3 The Czech Nouvelle Vague lasted seven years (1962-69). In the context of contemporary cinema, it stands for a humane cinema marked by a sense of humour. “Devoid of ‘official’ ideology, it is filled with unorthodox compassion for people as they are, and no longer, as in Stalin’s times, as they should be”. One of the two prevailing complementary tendencies was a realistic one: it followed in the footsteps of neo-realism and cinéma vérité, “concentrated on the significance of the insignificant, using non- professionas and actual locales for greater authenticity. In contrast to Italian realists, Czech film directors (Forman, Passer, Menzel) seemed less ideological, sentimental and heroic”. The second tendency (Schorm, Nemec, Masa, Juracek, Věra Chytilová) “was far more cerebral; its scenarios were careful intellectual constructions; its settings and visual styles intentionally artificial; its tone oblique, suffused with existentialism. There was less of the smiling optimistism of the neorealist camp; a more sombre, even pessimistic, mood obtained. Stylistically, they tended to be allegorical, symbolist, or even ‘absurd’; touches of Buñuel, Fellini and Bergman, abounded and the possibility of an underlying complexity too dense to be unravelled was hinted at.” (Vogel, Α., 1974. Film as a subversive art. New York: Random House, pp. 139-140).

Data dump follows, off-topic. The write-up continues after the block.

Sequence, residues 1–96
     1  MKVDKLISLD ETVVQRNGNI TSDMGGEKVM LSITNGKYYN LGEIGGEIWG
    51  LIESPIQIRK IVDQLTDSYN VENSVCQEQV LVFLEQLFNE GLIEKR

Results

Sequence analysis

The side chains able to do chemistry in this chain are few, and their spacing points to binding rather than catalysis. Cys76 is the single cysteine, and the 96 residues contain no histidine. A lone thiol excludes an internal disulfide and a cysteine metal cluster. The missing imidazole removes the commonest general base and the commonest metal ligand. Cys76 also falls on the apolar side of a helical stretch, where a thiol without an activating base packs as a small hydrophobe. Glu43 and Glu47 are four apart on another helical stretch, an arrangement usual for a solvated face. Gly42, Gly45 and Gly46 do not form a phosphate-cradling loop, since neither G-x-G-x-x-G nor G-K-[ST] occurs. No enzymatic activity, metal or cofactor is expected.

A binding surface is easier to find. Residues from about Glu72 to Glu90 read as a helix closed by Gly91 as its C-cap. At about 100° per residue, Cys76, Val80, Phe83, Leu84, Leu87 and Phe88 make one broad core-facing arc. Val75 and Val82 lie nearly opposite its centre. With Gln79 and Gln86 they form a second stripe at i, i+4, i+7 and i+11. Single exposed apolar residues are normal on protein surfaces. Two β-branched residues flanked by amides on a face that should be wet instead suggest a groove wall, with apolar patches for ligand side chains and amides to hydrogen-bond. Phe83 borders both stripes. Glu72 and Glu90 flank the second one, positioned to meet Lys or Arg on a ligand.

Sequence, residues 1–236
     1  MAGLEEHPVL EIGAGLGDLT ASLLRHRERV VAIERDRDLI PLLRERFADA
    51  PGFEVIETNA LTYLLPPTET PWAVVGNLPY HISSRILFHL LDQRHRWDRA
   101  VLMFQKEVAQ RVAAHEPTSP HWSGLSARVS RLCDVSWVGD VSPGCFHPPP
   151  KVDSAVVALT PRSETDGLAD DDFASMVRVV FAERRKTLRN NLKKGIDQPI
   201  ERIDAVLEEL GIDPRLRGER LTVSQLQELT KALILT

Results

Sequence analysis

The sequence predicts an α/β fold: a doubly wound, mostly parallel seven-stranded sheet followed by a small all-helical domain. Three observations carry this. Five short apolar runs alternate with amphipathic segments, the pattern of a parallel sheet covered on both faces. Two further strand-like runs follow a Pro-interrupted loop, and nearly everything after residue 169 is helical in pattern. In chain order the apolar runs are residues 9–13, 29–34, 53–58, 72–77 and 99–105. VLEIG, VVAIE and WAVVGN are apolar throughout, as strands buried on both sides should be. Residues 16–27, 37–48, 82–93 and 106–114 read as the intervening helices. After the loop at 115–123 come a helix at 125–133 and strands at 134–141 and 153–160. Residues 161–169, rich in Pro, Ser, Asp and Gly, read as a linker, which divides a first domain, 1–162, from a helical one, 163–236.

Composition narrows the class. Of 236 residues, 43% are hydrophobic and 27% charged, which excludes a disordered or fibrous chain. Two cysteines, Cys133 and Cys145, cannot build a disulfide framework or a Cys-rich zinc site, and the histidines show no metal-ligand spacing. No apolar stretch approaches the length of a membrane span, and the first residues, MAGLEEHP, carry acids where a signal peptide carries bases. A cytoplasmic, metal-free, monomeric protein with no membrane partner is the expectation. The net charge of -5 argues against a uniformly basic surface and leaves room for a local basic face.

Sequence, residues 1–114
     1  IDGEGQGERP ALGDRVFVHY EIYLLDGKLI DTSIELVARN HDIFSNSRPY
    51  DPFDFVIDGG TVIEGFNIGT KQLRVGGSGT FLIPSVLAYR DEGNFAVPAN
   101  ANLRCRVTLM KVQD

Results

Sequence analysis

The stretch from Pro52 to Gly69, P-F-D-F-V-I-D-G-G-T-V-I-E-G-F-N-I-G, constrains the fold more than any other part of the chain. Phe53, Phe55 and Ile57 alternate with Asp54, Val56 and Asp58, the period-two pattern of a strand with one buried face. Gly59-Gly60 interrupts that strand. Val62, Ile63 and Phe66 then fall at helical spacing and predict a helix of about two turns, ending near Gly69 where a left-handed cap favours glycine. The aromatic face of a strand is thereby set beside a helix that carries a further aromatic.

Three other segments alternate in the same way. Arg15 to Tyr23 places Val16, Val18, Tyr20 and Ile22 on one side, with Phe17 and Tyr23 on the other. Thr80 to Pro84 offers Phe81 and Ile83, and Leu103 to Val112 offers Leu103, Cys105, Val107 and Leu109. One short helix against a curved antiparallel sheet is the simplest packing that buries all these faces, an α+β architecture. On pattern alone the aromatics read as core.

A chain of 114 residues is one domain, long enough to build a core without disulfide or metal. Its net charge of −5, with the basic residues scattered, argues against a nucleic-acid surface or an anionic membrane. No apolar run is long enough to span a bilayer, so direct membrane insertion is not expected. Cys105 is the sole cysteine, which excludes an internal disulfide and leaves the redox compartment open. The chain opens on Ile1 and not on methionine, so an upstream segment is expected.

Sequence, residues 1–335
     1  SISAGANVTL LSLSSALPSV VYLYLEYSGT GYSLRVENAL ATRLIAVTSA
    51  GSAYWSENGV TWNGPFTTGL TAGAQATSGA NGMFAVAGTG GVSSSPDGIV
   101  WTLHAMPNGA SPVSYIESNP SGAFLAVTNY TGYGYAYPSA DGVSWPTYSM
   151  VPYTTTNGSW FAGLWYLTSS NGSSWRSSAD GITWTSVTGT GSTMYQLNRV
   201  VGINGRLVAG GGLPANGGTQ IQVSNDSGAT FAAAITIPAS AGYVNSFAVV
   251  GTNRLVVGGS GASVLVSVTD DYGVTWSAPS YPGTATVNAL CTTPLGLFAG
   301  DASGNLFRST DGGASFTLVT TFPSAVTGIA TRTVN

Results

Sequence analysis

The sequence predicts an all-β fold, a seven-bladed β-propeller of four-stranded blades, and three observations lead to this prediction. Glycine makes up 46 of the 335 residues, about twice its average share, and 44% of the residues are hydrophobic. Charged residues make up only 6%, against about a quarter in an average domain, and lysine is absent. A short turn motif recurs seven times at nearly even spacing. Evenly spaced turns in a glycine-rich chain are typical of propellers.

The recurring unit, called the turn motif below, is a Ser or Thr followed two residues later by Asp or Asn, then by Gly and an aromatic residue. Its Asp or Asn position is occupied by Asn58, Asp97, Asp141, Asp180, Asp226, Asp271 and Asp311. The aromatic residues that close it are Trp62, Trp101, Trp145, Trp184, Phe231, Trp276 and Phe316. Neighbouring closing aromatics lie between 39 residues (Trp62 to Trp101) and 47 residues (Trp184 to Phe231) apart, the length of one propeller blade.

4 Horton, A. J., 1999. “Cabaret Balkan”. Cineaste, Vol. XXV, No. 1, December 1999.
5 Iordanova, D., 2001. Cinema of Flames. Balkan Film, Culture and the Media. London: BFI Publishing, p. 269.
6 Horton, A. J., 1999. “Vignettes of Violence. Different attitudes in recent Yugoslav cinema”. In Central European Review, Vol. 1, No. 18, 25 October 1999, p. 111.
7 Horton, ibid., p. 111.  
8 Iordanova, D., ibid., p. 269
9 Orr, J., 2007. “A Midwinter Night’s Dream”. Cineaste, Vol. XXXII, No. 3, p. 61
10 Orr, ibid., p. 60. 
 
 
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Category
 
 
 
 
  Honeymoons
  Beach Guard in Wintertime
  The Optimists
  Midwinter Night`s Dream
  The Dog Who Loved Trains
  How Harry Became a Tree (Bitter Harvest)
  Someone Else`s America
  Tango Argentino
  Special Treatment
  The Illusive Summer of `68
  The Powder Keg (aka Cabaret Balkan)
  Time of Miracles
  Twilight Time
  Guardian Angel
  These Earthly Days Go Rolling By
 
  Lazar Ristovski
  Predrag Miki Manojlovic
  Zoran Simjanovic
  Emir Kusturica
  Vilko Filac
  Gordan Mihic
  Rajko Grlic
  Goran Markovic
  Zivko Zalar
  Milena Dravic
  Srdjan Karanovic
  Goran Paskaljevic
  Milan Spasic
  Aleksandar Petkovic
  Tom Conti
  Borislav Pekic
  Tomislav Pinter
  Dina Iordanova
  Dejan Dukovski
  Lordan Zafranovic
 
  Centar Film
 
  Awards for Paskalievic΄s new film in Spain
  Do the Balkans Imply a Peculiar Sensibility?
  History of Cinema in the Balkans: Common Pioneers and Similarities
  From Yugoslav to Serbian Cinema: 1991-2001 Themes and Characteristics of a Cinema Industry in Transition
  The Balkans, A Spiritual Space and Less a Peninsula